One PhD or postdoctoral position, working on the origin of cosmic rays at the transition from the Galactic to an extragalactic component. The successful candidate will measure the mass composition of cosmic rays, using the Auger Engineering Radio Array (AERA) and the LOFAR radio telescope, building on our recent breakthrough detection of cosmic rays in the radio frequencies. In order to clarify the origin of cosmic rays, the successful candidate will combine these observations with astrophysical models describing the propagation of cosmic rays, taking into account newest data and models of the structure of the magnetic fields in our Galaxy.
The candidate should have a background in experimental astroparticle physics, ideally in the field of cosmic rays. Depending on the experience of the candidate(s), this position will be filled with a PhD student or post doctoral scientist.
Supervisors: J. Hörandel and M. Haverkorn (RU Nijmegen). Contact: firstname.lastname@example.org and email@example.com
Applications are invited for a PhD positions at the Department of Astrophysics of the Radboud University Nijmegen, funded through the NOVA research school for astronomy.
The position that is available is in the area of
Fundamental interactions and physics of energetic cosmic rays in the Galaxy (Supervisor: Bram Achterberg)
The most energetic cosmic rays probably come from outside our Galaxy. However, before they reach detectors on Earth they traverse part of the Galaxy, and can be deflected by the Galactic magnetic field, or interact with interstellar gas and radiation. This PhD project looks at these interactions from a theoretical point of view, and aims to model them using both analytic theory and simulations. The aim is to make firm predictions about the influence of propagation in the Galaxy on the observed signal in large-scale cosmic ray detectors like AUGER. Nijmegen is a member of the AUGER collaboration. We will focus on the influence of the particle energy, charge and mass as the present data still do not allow us to firmly determine the precise chemical composition of these energetic cosmic rays.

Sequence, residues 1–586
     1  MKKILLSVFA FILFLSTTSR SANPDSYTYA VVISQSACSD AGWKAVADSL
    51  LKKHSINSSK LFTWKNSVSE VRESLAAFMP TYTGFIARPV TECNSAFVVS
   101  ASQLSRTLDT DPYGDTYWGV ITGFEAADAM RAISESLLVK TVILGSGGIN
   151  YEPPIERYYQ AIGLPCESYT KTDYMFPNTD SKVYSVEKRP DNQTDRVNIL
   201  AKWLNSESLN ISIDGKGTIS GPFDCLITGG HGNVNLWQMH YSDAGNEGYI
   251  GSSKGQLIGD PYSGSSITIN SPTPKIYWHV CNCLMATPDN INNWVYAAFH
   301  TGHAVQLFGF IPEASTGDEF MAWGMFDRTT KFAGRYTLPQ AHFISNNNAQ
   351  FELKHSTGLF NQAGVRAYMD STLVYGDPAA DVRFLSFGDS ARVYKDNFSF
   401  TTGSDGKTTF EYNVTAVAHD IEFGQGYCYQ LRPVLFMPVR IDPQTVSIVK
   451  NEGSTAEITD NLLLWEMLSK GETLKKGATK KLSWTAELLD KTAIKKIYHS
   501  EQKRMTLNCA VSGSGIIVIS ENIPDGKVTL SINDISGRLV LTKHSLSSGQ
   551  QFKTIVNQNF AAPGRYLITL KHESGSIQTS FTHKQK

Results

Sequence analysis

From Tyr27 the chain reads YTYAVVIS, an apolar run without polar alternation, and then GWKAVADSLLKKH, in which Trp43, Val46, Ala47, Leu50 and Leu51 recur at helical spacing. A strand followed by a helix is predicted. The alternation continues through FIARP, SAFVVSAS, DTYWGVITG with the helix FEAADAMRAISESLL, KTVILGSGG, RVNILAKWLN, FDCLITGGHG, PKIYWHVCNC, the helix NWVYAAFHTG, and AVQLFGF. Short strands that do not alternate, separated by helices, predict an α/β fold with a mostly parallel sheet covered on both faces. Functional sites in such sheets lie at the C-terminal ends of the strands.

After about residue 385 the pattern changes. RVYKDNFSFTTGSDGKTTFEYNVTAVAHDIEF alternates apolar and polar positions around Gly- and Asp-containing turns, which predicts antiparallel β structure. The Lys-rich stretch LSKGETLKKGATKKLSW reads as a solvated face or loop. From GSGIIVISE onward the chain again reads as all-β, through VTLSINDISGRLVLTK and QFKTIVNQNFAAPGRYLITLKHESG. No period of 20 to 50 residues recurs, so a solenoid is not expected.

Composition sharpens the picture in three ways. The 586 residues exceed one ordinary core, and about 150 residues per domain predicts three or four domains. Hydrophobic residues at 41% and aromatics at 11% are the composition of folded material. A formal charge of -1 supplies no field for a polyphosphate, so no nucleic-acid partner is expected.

Applications, consisting of a letter of scientific interest and an extended CV should be submitted by e-mail (firstname.lastname@example.org), including the details of two possible references. Candidates with a preference for one or more of the positions above are advised to indicate this in their letter.
Candidate selection will commence on September 15, with interviews scheduled at the end of 2014.
The successful candidate will be integrated into the Department of Astrophysics, which is part of the Institute of Mathematics, Astrophysics and Particle Physics. The vibrant department consists of 13 faculty, ~10 postdocs, ~30 PhD students. Current research activities are concentrated in the fields of supermassive and stellar mass black holes, jets, compact binaries, optical and radio transients, gravitational-wave and radio astronomy, stellar and binary evolution, stellar clusters, Galactic structure and magnetic fields, cosmic-rays and astroparticle physics, and asteroseismology. The department is part of the Netherlands Research School for Astronomy (NOVA), and has access to major (inter)national research facilities (ESO, ESA, LOFAR/WSRT, ING telescopes, etc.) as well as to major compute facilities, either via a local cluster or national supercomputing facilities. It is located in the student town of Nijmegen, an old (Roman) city, well connected by road and rail to the rest of the Netherlands.
PhD positions in the Netherlands are for four years and include good medical and social benefits (including maternity and paternity leave and child care) plus holiday and end-of-year allowances. Salaries start at 2062 Euro gross/per month, excluding secondary benefits.
Submission Address for Resumes/CVs: email@example.com, to the attention of Prof.dr. P.J. Groot, Head of Department.